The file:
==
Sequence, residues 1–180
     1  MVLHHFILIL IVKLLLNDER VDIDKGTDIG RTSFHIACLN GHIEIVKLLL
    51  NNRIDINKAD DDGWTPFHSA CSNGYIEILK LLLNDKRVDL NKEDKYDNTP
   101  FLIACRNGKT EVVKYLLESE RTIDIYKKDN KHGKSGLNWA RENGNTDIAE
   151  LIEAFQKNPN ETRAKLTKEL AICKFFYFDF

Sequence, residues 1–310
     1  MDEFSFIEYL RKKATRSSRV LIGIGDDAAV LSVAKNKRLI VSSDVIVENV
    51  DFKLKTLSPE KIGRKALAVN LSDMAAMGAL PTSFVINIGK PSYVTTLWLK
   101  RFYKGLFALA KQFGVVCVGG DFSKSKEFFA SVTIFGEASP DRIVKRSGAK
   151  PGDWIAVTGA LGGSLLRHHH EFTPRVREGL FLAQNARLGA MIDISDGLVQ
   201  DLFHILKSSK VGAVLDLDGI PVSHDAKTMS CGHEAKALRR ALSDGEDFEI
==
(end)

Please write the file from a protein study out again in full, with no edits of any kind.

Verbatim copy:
Sequence, residues 1–180
     1  MVLHHFILIL IVKLLLNDER VDIDKGTDIG RTSFHIACLN GHIEIVKLLL
    51  NNRIDINKAD DDGWTPFHSA CSNGYIEILK LLLNDKRVDL NKEDKYDNTP
   101  FLIACRNGKT EVVKYLLESE RTIDIYKKDN KHGKSGLNWA RENGNTDIAE
   151  LIEAFQKNPN ETRAKLTKEL AICKFFYFDF

Sequence, residues 1–310
     1  MDEFSFIEYL RKKATRSSRV LIGIGDDAAV LSVAKNKRLI VSSDVIVENV
    51  DFKLKTLSPE KIGRKALAVN LSDMAAMGAL PTSFVINIGK PSYVTTLWLK
   101  RFYKGLFALA KQFGVVCVGG DFSKSKEFFA SVTIFGEASP DRIVKRSGAK
   151  PGDWIAVTGA LGGSLLRHHH EFTPRVREGL FLAQNARLGA MIDISDGLVQ
   201  DLFHILKSSK VGAVLDLDGI PVSHDAKTMS CGHEAKALRR ALSDGEDFEI